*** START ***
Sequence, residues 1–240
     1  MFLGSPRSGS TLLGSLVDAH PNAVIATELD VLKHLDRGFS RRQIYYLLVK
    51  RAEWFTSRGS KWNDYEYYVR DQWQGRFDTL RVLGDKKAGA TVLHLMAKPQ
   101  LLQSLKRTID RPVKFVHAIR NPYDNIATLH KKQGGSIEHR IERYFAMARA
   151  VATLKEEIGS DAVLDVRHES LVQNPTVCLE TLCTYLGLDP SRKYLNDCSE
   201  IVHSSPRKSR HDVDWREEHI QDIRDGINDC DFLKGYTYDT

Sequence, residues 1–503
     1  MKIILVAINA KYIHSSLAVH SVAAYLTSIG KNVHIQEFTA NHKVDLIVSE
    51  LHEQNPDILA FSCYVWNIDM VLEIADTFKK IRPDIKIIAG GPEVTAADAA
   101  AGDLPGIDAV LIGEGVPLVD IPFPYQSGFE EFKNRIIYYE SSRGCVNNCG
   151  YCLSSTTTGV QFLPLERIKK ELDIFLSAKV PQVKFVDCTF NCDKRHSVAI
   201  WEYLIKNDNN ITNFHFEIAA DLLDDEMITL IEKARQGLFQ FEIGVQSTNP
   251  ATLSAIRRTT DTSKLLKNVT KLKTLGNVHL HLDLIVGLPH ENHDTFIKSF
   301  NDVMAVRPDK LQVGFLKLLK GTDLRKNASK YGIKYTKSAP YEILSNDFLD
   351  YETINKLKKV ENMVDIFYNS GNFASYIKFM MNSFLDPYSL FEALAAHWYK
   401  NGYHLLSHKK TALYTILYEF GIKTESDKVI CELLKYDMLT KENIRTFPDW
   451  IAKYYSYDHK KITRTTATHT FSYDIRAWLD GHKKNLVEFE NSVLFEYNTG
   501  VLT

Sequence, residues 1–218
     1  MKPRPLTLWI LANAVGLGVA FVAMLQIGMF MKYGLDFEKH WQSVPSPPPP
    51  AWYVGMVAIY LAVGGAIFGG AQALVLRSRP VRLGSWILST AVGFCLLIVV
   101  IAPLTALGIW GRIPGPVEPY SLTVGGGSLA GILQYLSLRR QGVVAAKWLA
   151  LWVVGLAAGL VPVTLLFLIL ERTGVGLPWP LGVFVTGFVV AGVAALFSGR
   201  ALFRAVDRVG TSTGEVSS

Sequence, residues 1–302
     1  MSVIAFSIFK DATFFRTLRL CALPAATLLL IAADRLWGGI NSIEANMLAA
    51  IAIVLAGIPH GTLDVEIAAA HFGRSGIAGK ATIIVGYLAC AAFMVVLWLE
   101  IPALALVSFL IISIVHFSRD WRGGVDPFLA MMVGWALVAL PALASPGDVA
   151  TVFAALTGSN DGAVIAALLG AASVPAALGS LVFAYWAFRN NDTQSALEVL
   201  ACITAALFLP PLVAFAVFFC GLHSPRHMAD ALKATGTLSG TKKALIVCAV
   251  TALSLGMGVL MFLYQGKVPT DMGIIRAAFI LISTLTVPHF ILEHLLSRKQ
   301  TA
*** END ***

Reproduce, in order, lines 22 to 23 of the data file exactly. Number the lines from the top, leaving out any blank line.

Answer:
   101  IAPLTALGIW GRIPGPVEPY SLTVGGGSLA GILQYLSLRR QGVVAAKWLA
   151  LWVVGLAAGL VPVTLLFLIL ERTGVGLPWP LGVFVTGFVV AGVAALFSGR